Government Web sites are failing to meet the basic needs of citizens who turn to them for help and advice on debt, housing, health and employment, according to a report by the Society of IT managers (Socitm) and Citizens Advice Bureaux.
The CAB devised a series of questions to test relevant government Web sites based on the problems most frequently reported to the agency -- consumer debt, disability benefits, income support, employment and legal proceedings.
A team of reviewers tested questions such as, "Can the application form (for benefit) be completed and returned electronically?" and entered terms such as "disability benefit" and "free prescriptions" into Google to see if it took the person to a relevant government Web site.
The results showed that while there is often plenty of information online, much of it is poorly structured and signposted.
Web sites that were tested included the Department of Trade and Industry, Department for Work and Pensions, Financial Services Authority, Legal Service Commission, Community Legal Service, NHS, NHS Direct, OFGEM, Trading Standards Central, UKOnline and the 16 most used local authority sites.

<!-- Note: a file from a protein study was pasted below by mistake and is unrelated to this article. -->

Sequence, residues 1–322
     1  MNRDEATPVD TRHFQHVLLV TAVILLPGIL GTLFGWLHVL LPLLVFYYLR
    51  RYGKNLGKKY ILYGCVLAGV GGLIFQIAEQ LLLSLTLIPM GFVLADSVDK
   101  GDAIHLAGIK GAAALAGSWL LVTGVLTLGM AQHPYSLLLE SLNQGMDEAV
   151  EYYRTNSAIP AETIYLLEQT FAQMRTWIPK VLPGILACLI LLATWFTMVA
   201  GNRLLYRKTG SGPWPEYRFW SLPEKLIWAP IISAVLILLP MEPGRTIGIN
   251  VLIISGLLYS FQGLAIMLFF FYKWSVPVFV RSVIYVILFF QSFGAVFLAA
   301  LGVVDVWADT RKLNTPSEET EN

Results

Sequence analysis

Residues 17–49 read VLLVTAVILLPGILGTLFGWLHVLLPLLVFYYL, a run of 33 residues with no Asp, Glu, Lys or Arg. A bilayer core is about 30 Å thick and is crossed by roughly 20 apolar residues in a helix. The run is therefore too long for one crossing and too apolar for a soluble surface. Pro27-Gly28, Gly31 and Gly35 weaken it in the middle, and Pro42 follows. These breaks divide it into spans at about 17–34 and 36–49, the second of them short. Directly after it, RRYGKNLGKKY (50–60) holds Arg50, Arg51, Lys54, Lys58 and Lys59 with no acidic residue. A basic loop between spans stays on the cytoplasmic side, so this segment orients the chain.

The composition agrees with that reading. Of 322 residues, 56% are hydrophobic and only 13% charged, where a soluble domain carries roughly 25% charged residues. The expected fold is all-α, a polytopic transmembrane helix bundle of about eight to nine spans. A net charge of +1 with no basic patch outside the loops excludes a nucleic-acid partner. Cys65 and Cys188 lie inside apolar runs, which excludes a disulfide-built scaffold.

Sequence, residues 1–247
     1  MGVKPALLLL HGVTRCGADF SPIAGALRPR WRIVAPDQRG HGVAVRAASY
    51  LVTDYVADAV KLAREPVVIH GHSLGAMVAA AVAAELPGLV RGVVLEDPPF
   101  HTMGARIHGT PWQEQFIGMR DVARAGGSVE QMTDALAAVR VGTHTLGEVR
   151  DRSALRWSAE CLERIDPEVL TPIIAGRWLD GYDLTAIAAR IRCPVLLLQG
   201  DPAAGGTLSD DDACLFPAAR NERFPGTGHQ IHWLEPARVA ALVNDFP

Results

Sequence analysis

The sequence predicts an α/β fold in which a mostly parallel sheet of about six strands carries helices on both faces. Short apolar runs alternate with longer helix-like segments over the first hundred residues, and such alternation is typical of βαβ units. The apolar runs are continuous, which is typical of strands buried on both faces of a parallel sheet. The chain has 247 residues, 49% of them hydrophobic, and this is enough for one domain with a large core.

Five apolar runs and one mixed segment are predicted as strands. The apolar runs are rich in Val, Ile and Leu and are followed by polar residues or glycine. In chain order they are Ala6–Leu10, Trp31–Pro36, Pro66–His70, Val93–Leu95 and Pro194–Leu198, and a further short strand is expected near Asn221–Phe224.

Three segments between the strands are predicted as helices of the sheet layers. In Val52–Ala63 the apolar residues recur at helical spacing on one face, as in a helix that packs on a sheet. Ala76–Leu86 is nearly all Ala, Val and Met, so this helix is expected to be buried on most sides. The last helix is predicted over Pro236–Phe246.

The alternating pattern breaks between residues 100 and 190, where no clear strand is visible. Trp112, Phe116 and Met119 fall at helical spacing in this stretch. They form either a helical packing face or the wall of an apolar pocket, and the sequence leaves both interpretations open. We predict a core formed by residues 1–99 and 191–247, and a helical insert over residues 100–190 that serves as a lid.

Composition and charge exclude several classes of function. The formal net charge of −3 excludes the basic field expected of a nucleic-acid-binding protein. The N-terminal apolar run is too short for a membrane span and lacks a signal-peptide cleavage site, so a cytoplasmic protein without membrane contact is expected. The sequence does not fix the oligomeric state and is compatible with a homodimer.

While search terms such as "income support" generally took people to the Department for Work and Pensions, searches for "money problems" and "debt advice" took the reviewers to a story from The Guardian on Cambodia and to an organisation offering free advice -- and unsecured loans.
"The evidence from the Google searches shows that the problems as people report them to bureaux across the country are not being catered for by Web sites, because the problems often do not lead to obvious sources of information," the report said. "Furthermore, once the right Web site is found, its ability to provide the right information is far from reliable."
The performance of UKOnline, which is supposed to act as a gateway for government services, was described as "patchy" and "disappointing".
Martin Greenwood, programme manager for Socitm Insight, said in a statement: "All parts of government should take as broad a view as possible of the difficulties of citizens and consumers of their services. The Citizens Advice list of common problems and the questions that might be linked to them are a good starting point."